Issue 3/2018 of integration

In the new issue of integration, Peter Becker covers the negoti­ation process of the next multi­annual financial framework 2021–2027 and under­lines the necessity of finding a reliable balance between budgetary predictability on the one hand and political adapt­ability on the other. Jonas Bornemann discusses the member states’ sovereign choice to reintroduce border controls and the legal framework estab­lished by the Schengen acquis, which aims at the abolition of such checks. Antonios Souris analyses the federal states’ voting behaviour in the plenary sessions of the Bundesrat regarding European affairs and concludes that partisan consid­er­a­tions of federal states’ govern­ments in European affairs are almost as strongly pronounced as in similar decision-making proce­dures related to domestic legis­lation. Anne Wetzel addresses the issue of rule imple­men­tation and compliance in models of external differ­en­tiated integration based on the example of the Energy Community. The issue contains also a summary of a conference on the relations between the EU and the Ukraine, organized by the Institut für Europäische Politik. The “Arbeit­skreis Europäische Integration” reports on the “2018 ZEW Public Finance Conference” about the future of fiscal coordi­nation in Europe.


The EU’s next Multiannual Budget between Flexibility and Unity

Peter Becker

With the proposal for the next multi­annual financial framework (MFF) 2021–2027 of 2 May 2018, the European Commission opened a difficult negoti­ation process that is crucial for the future of the European Union. In addition to the contro­versy over the volume and allocation of funds, another issue of the MFF negoti­a­tions will be important for the further devel­opment of the EU. A reliable balance needs to be found between budgetary predictability on the one hand and political adapt­ability on the other. The objective of improving the EU’s capacity for response through flexi­bility instru­ments inside and outside the MFF will have to be brought into line with the budgetary principles of budget unity and completeness. The European Parliament’s budgetary partic­i­pation and scrutiny rights and thus the democ­ratic legit­imacy of the EU budget as a whole must be taken into account properly.

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Member State Discretion within the Schengen Borders Code – Bearings for an Area with Border Control Abolished

Jonas Bornemann

Following the so-called refugee crisis, several Schengen states opted for the reintro­duction of border controls. The mere fact that such checks were not just appro­priate but equally lawful was beyond doubt when the new German federal government took office. Notably, however, the European Parliament agrees. It argues that continuous prolon­gation of such checks would amount to the abolition of the Schengen area altogether. How do these divergent concep­tions come about? Which margins of discretion do member states possess in order to reintroduce border controls in line with European Union law? With a view to the evolution of the Schengen regime, this contri­bution explores the tensions between member states’ sovereign choice to reintroduce border controls and the legal framework estab­lished by the Schengen acquis, which aims at the abolition of such checks.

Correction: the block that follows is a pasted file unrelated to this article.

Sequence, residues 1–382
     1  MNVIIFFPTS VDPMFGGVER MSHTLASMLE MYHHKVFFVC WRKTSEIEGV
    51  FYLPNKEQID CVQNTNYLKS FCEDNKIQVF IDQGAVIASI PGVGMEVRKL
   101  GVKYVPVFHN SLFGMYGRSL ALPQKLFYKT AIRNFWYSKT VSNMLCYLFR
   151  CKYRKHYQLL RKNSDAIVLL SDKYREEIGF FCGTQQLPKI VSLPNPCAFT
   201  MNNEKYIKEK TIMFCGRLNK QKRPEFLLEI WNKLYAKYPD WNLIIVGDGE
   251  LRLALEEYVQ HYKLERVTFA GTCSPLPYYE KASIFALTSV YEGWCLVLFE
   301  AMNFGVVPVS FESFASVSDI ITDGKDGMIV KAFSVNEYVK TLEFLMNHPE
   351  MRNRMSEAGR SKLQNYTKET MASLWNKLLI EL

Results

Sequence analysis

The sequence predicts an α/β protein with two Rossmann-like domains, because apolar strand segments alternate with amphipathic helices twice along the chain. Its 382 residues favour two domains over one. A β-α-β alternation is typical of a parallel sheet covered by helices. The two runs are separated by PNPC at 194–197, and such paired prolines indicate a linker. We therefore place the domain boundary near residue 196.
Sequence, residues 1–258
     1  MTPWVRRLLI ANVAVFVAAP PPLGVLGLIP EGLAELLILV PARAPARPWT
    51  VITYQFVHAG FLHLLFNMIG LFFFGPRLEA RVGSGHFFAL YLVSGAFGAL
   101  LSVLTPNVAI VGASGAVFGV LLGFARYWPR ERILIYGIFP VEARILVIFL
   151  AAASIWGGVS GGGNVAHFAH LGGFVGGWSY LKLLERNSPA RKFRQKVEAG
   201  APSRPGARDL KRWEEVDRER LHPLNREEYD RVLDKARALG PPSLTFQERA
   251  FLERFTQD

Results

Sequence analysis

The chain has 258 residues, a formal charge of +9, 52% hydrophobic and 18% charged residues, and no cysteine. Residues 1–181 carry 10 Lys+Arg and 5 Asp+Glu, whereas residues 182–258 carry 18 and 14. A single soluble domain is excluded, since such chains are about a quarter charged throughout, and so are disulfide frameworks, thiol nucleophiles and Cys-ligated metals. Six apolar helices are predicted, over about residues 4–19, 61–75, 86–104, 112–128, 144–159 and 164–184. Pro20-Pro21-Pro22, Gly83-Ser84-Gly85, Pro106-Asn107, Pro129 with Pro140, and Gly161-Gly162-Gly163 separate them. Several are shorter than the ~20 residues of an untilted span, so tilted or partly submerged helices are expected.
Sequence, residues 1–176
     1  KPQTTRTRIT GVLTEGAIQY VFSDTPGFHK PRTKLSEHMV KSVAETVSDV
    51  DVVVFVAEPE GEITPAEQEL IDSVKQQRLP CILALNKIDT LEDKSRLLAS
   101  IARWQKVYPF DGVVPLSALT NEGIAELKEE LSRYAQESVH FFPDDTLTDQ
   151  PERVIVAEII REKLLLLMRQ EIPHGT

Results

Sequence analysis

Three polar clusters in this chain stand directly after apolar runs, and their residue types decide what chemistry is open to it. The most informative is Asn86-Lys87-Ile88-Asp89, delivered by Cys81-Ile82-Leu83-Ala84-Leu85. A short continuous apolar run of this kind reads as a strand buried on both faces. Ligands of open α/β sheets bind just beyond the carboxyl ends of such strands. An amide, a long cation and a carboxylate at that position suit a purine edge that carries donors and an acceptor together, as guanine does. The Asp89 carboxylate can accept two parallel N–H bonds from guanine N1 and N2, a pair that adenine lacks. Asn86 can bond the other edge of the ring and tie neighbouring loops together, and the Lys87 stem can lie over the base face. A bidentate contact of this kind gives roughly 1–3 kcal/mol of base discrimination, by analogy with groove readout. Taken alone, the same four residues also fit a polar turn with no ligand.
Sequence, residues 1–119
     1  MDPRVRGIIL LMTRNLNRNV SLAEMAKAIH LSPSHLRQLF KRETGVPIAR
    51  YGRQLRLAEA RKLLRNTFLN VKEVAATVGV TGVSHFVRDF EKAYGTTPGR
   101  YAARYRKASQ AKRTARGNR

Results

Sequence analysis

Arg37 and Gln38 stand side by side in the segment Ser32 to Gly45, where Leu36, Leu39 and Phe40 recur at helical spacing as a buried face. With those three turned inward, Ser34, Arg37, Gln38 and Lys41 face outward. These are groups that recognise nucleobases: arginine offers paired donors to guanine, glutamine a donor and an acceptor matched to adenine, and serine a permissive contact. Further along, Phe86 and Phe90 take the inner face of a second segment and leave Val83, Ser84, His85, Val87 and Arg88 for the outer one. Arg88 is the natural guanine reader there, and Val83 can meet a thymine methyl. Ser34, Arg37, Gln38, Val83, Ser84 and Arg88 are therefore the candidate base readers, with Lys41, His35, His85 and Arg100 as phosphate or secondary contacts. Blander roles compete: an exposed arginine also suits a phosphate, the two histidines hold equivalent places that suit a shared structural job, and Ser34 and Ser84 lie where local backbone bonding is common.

Party Contestation over Europe in the Committees of the German Bundesrat

Antonios Souris

The party politi­ci­sation of European integration in the German Bundesrat remains largely in the dark due to the missing documen­tation of the federal states’ voting behaviour in the plenary sessions. For an empir­i­cally informed analysis, this contri­bution draws on a novel dataset that focuses on the Bundesrat committees where individual votes are regis­tered. The findings reveal that there have been profound partisan consid­er­a­tions of federal states’ govern­ments in European affairs since the early 1990s, being almost as strongly pronounced as in similar decision-making proce­dures related to domestic legis­lation.


Flexible Integration and Compliance – Lessons from the Energy Community

Anne Wetzel

This article addresses the issue of rule imple­men­tation and compliance in models of external differ­en­tiated integration. Since rules and their proper imple­men­tation are the basis of the European Union’s flexible integration arrange­ments, any viable model must ensure compliance even by non-EU members. However, the Energy Community as a means of exter­nal­i­sation of EU law does not fully meet this expec­tation. In order to trace the origins of the Energy Community’s compliance problems the analysis reverts to four different approaches. The article identifies several insti­tu­tional weaknesses of the Energy Community and offers conclu­sions for flexible integration and inten­sified partnership models.


TAGUNGEN

Matthias Meier und Ljudmyla Melnyk

Poten­ziale für eine vertiefte Zusam­me­narbeit zwischen der Europäischen Union und der Ukraine


ARBEITSKREIS EUROPÄISCHE INTEGRATION

Sebastian Blesse

Erken­nt­nisse zur Gestaltung gemein­samer Fiskalpolitik in Europa


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Preise 2018: Jahresabon­nement Privat (Print­ausgabe inkl. Onlinezugang) 78,– €; Jahresabon­nement für Studierende (Print­ausgabe inkl. Onlinezugang) 44,– € (bitte Studi­enbescheinigung zusenden); Jahresabon­nement für Insti­tu­tionen (Print­ausgabe inkl. Onlinezugang) 124,– €; Einzelheft 22,– €. Alle Preise verstehen sich inkl. MwSt. zzgl. Vertrieb­skosten (Vertrieb­skos­tenanteil 10,81 €, plus Direk­t­be­orderungs­gebühr Inland 1,61 € p.a.).

ISSN 0720–5120

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